Nick Hornby’s Fever Pitch is autobiographical, all about his life-long obsession with the Arsenal soccer team. After all, football is life to many Londoners. The book has been made into two different movies, an English version that stays true to Arsenal, and a US version that finds a common truth in Boston Red Sox baseball.
I look at fashion and high society sometimes, and I wonder how people can be so obsessed by something so entirely meaningless. Other people look at sports that way. But they’re both a form of art, imitating life, representing life on a stage, in caricature.
I had the pleasure of watching part of a Red Sox playoff game last weekend with a friend from Boston. Baseball is a game that takes dedication to really appreciate it. With so many psychological factors at play, if you don’t understand the subtleties, you won’t understand the art. On the surface, it just looks like a slow, boring game to be tolerated, and only enjoyed when accompanied by lots of beer.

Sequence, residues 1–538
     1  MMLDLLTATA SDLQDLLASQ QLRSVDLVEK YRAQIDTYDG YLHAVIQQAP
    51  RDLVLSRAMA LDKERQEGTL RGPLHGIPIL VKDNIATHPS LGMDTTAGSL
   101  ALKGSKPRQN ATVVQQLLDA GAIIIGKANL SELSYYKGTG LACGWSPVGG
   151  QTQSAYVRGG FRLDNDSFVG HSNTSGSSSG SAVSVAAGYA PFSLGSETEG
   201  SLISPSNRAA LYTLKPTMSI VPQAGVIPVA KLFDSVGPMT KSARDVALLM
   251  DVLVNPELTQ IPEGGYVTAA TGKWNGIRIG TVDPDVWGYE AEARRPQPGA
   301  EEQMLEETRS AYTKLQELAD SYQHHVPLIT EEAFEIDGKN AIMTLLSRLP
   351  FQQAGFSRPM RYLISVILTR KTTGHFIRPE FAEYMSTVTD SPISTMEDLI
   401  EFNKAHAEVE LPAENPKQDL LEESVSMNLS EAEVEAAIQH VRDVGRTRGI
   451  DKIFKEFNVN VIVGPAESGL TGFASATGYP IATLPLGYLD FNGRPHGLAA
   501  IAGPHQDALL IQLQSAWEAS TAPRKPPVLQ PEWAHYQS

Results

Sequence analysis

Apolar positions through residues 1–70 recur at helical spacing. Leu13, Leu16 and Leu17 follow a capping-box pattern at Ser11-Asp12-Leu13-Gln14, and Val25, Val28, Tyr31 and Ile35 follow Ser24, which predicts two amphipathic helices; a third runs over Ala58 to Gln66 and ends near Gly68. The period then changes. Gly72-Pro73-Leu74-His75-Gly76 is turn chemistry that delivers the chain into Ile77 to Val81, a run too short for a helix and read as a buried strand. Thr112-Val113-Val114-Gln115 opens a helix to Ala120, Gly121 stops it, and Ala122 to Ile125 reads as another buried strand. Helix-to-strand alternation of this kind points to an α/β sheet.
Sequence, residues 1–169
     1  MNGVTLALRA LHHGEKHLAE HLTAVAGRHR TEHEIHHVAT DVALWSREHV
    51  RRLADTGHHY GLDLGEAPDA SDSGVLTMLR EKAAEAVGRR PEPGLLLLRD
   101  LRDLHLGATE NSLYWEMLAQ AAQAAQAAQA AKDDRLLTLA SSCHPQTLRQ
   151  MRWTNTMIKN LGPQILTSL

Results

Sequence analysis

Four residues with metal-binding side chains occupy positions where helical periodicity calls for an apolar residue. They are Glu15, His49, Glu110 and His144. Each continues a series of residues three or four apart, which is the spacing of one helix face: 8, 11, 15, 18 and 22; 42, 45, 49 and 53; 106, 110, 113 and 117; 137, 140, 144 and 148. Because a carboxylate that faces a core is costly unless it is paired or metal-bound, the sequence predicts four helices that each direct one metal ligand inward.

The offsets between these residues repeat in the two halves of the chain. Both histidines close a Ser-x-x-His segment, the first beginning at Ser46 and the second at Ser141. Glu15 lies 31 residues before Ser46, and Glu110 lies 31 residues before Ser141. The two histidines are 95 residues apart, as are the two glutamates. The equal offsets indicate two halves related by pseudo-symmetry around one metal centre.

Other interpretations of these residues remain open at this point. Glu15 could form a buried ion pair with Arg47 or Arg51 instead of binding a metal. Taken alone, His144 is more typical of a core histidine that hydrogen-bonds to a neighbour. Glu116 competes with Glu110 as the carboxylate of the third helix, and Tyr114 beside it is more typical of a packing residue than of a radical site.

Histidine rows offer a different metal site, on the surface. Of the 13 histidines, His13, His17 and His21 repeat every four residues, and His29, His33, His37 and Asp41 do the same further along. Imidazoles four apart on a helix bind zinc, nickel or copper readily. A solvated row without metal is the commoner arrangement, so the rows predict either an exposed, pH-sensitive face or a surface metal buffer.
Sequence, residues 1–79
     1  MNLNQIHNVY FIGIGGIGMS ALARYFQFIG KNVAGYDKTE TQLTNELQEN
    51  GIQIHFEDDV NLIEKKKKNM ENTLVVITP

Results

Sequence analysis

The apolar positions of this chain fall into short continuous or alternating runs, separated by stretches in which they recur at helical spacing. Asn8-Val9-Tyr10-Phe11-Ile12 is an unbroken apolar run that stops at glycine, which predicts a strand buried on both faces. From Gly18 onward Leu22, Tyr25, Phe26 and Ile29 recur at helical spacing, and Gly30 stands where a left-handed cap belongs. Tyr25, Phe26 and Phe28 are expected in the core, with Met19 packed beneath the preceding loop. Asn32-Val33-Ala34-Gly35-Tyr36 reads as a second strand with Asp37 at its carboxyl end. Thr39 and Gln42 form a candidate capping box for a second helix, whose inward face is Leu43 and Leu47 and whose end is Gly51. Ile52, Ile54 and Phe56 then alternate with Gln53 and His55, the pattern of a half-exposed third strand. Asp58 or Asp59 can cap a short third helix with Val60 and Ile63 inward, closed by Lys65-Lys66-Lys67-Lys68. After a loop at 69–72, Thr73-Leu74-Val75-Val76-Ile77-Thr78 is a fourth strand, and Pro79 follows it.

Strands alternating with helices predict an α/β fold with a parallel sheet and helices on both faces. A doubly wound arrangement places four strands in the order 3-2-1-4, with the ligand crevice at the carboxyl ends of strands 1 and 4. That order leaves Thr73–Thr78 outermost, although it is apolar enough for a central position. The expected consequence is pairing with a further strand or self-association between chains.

But he made it fun. He talked about the rabid Red Sox fans, and we cheered when a Boston boy grabbed the ball just before it hit the opponent’s glove. He gave us full explanations of what was happening beyond the pitching and the batting and the running and the fielding, and through his words, I had a new taste for the sport.
I guess sometimes the best of life is in those details, in frivolous passions and common joys.
Oh, and one last thing? Go Cowboys!